we could use here, one that exploits 'compressed' values?

> * input is a sorted list of byte[], output is a byte[] containing the entire
> prefix trie
> * possibly put all keys in the front of the block, and all values at the
> end, with value offsets/lengths in the keys
>

How do you think this would improve things?


> Backwards compatibility
> * block cache could quickly compute the trie when loaded, therefore working
> with HFile v1


I don't think we need to be backward compatible.  We just need to be
able to migrate from old to the new (in fact, I'd say do not be
backward compatible -- having to do so in my experience makes the code
more complex and inevitable compromises an implementation)

>    * eventually want to store the computed trie on disk
> * HFile v2 will need to store information about the pluggable data block
> compaction schemes
>

Yes.

As has been said v2 has a hierarchical index.  That might be hard to
make pluggable?  What do you think?

>
> Memstore dynamic row key compaction:
> * this will be much more difficult than the static compaction because it
> needs to accept unsorted byte[]'s and support row locking

Row 'locking' is done using MVCC -- a sequence/edit number is added to
KVs in-memory only and only edits with a sequence/edit number older
than a current moving point are viewable.  This mechanism or one like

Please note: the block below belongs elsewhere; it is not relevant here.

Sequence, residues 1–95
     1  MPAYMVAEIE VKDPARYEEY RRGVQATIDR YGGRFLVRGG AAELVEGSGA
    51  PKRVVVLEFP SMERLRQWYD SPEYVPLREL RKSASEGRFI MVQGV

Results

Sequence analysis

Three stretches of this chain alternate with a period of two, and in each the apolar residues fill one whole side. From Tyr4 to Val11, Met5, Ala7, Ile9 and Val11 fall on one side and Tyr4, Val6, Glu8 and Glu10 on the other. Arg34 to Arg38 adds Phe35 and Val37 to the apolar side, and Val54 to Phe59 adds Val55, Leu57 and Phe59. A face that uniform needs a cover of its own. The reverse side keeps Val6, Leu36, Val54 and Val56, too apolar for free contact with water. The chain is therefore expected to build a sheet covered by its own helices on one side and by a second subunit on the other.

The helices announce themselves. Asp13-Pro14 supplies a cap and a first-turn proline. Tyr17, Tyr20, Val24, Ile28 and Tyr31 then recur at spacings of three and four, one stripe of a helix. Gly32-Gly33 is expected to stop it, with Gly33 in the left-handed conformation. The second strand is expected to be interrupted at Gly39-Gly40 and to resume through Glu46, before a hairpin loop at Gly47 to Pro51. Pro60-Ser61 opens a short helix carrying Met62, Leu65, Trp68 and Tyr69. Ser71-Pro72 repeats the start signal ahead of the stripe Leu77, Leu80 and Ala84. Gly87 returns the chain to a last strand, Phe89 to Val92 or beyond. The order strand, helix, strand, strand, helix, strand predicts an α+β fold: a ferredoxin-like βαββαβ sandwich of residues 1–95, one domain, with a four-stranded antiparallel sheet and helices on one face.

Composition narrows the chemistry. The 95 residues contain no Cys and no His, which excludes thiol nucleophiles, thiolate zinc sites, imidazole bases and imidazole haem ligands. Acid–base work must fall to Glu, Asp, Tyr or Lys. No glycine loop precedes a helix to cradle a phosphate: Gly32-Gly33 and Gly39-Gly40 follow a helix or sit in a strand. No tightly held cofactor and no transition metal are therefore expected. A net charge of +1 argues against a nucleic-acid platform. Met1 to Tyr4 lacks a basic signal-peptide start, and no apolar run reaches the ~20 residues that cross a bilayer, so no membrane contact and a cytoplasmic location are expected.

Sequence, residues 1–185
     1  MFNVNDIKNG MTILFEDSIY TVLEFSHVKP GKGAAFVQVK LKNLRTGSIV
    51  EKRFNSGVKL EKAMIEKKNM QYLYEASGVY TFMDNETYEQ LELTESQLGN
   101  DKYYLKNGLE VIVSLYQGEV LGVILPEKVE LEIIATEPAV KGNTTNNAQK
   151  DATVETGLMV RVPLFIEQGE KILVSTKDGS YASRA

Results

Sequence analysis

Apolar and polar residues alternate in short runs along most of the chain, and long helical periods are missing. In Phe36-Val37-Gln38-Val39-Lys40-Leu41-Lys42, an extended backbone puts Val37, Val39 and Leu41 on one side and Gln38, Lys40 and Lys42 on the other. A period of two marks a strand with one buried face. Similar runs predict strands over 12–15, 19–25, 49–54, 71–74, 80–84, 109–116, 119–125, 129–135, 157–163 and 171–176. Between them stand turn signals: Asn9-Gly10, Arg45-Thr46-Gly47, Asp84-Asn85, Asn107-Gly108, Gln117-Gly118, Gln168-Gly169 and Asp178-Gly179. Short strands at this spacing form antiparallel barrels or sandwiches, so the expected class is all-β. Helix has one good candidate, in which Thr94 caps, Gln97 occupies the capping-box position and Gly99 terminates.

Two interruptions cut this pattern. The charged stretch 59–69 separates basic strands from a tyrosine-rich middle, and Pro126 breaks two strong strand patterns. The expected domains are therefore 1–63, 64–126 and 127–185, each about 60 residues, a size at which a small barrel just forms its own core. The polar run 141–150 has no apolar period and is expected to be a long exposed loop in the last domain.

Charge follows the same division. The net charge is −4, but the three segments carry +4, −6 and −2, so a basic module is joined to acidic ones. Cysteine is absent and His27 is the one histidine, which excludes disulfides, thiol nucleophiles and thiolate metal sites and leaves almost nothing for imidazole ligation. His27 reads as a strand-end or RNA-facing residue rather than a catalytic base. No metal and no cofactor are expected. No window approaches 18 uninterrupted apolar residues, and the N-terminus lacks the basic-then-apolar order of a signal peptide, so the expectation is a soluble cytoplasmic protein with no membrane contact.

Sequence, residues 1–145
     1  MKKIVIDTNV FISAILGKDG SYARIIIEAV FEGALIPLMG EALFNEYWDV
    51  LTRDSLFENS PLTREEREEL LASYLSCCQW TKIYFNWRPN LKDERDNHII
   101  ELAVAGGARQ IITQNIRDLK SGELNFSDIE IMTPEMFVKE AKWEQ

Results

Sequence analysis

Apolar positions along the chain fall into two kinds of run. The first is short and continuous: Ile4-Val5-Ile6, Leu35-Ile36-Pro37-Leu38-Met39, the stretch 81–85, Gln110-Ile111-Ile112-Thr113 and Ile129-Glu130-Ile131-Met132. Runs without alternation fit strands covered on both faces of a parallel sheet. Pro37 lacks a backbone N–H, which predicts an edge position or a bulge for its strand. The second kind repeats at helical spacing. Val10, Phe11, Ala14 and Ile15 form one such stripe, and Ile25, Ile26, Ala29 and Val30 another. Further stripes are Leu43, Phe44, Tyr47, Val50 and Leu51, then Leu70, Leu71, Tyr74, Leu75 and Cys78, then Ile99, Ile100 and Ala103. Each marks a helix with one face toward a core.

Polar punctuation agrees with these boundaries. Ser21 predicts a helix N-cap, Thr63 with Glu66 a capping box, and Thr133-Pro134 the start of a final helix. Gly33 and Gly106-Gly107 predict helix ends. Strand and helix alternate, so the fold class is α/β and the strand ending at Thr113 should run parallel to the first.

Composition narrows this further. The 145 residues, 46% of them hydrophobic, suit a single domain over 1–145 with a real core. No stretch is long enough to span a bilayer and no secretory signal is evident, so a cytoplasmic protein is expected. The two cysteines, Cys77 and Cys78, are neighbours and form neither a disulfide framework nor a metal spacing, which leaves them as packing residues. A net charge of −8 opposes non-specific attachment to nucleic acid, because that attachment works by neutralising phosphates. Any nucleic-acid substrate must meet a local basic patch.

it could be used going forward/


> * use modified C-Burstsort<http://ww2.cs.mu.oz.au/~rsinha/papers/SinhaRingZobel-2006.pdf>
> for
> dynamic unsorted data
> * fast and compact (best dynamic string sorting algorithm i could find)
> * fragmentation friendly (not original goal, but ends up working like MSLAB)
>    * allocates large (customizable) byte[] for holding multiple leaf values
>    * "bursts" the byte[] when they fill up, creating multiple child arrays
> * will need to add some sort of lockable object to the leaf of the rowKey
> trie
>

Do we need too?

(Thanks for the paper pointers)


>
> Column qualifier compaction:
> * config param colQualifierCompaction=(none, lookupTable, cssTree64, etc)
> * use lookupTable when column qualifiers are a small bounded set
>    * store the lookup table in memory (similar to blockIndex or
> fixedFileTrailer)
>    * on second thought, this could be difficult without 2-pass compaction,
> but maybe still possible
> * use cssTree when a large or unbounded set, like when appending a numerical
> suffix in wide rows
>
>
> Timestamp compaction:
> * timestampCompaction=(none, hfileDiff, cssTree, flatten)
> * each hfile needs a lowestTimestamp stored in the trailer
> * hflieDiff would store a varLong relative to the lowestTimestamp
> * cssTree would do the same as it does for rowKeys, but the trie overhead
> might wipe out the space savings with such small values

Yes.  Should we be doing 64bit timestamps?  Then it might not?

> * flatten would not store a timestamp in each record, rather use the hfile's
> lowestTimestamp for every record
>    * many use cases don't care about the timestamp
>    * i think this works for maxVersions=1.  may need more elaborate scheme
> for multiple versions
>
>
> I'll stop there...  sorry for the huge email!  I haven't seen much
> discussion on email or jira about how prefix compression should be done, so
> I hope this provides somewhat of a starting point.
>

Thanks for the provocative mail Matt.

We arrived at KV because previously we had an Object of key, value and
timestamp which we were copying multiple times on the way in and then
again on the way.  KV was an attempt at cutting down on the copies and
object creation.  At the time we thought byte arrays raw and fast.  We
looked at varint'ing it but savings didn't seem worth the bother or
the extra CPU and it make parse of the KV byte array harder.

St.Ack